US 8184263 B2 Abstract A measurement apparatus which measures spatial coherence in an illuminated plane illuminated by an illumination system, comprises a measurement mask which has at least three pinholes and is arranged on the illuminated plane, a detector configured to detect an interference pattern formed by lights from the at least three pinholes, and a calculator configured to calculate the spatial coherence in the illuminated plane based on a Fourier spectrum obtained by Fourier-transforming the interference pattern detected by the detector.
Claims(1) 1. A measurement apparatus which measures spatial coherence in an illuminated plane illuminated by an illumination system, the apparatus comprising:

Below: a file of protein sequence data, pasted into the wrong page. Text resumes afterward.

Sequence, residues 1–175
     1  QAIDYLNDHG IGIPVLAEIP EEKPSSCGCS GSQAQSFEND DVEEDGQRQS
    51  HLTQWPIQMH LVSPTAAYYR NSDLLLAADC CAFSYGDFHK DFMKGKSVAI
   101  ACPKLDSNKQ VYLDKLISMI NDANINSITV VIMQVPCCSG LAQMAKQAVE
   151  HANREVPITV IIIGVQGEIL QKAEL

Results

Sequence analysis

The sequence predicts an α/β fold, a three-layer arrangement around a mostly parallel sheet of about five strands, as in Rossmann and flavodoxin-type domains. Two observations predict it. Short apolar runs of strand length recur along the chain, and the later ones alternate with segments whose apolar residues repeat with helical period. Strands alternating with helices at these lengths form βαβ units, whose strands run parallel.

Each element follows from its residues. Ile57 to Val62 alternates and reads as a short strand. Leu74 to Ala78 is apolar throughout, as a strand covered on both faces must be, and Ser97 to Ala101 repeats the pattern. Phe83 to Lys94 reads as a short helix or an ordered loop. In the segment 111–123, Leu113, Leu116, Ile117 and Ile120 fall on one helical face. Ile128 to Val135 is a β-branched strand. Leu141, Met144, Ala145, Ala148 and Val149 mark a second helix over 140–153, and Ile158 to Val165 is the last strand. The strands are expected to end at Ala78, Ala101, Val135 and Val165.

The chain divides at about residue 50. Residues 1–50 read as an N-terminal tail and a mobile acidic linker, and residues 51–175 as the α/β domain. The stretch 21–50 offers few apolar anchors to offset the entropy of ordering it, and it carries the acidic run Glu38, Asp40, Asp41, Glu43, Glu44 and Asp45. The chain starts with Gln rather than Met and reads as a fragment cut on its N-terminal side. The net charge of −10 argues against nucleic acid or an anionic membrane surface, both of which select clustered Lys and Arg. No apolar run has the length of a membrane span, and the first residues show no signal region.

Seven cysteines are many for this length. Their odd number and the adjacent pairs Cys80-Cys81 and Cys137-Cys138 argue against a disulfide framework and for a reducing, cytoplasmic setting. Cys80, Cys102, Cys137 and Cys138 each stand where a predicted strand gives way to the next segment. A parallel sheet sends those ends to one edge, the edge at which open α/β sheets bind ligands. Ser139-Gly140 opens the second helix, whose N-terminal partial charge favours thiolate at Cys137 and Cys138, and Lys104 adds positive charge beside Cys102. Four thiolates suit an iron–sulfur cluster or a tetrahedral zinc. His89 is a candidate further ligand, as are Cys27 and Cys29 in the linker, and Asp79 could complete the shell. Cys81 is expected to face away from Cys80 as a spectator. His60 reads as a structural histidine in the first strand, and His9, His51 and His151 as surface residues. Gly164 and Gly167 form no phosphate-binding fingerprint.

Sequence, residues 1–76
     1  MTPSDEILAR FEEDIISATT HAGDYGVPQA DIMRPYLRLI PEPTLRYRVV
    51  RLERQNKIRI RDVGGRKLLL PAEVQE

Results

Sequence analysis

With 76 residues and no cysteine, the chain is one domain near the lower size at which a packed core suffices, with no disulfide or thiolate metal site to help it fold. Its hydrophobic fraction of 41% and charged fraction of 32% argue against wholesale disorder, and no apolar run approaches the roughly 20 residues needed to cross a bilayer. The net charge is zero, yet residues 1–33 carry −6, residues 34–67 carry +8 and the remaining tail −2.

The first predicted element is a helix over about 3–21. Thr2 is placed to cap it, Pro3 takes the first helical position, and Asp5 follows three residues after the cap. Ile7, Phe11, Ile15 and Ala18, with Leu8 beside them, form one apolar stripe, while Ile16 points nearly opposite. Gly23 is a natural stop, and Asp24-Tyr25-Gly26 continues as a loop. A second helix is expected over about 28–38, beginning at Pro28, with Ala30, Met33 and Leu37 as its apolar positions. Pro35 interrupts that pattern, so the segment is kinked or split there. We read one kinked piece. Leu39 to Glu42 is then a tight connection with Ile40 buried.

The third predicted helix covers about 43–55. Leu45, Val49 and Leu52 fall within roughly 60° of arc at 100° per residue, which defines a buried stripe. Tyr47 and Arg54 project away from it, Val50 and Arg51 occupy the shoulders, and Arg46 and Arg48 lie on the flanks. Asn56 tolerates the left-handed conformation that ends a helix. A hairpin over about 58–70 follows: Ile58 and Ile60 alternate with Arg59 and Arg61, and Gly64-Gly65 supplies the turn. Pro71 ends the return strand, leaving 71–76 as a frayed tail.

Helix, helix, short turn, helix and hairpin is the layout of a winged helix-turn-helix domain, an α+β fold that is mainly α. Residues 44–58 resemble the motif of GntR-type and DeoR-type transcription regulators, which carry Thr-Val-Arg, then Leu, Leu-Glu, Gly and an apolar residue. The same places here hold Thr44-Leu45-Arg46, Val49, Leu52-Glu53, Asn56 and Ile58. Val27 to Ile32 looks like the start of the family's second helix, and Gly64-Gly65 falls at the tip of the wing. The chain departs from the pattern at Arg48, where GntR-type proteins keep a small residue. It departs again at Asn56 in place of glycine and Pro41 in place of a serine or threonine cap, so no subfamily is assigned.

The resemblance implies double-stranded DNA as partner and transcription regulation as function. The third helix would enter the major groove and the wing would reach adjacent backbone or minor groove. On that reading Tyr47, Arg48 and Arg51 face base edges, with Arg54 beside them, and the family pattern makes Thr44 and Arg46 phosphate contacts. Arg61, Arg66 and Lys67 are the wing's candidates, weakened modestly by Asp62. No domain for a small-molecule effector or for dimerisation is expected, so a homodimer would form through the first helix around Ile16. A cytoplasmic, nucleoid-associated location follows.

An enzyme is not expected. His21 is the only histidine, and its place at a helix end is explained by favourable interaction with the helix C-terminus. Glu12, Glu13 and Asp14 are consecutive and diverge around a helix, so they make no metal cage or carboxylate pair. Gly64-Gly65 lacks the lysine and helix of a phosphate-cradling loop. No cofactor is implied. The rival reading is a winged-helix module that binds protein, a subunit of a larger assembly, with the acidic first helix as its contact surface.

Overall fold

a measurement mask which has at least three pinholes and is arranged on the illuminated plane;
a detector configured to detect an interference pattern formed by lights from said at least three pinholes; and
a calculator configured to calculate the spatial coherence in the illuminated plane based on a Fourier spectrum obtained by Fourier-transforming the interference pattern detected by said detector,
wherein said calculator calculates spatial coherence Γ
_{p }in accordance with:where N is the total number of pinholes of said measurement mask, N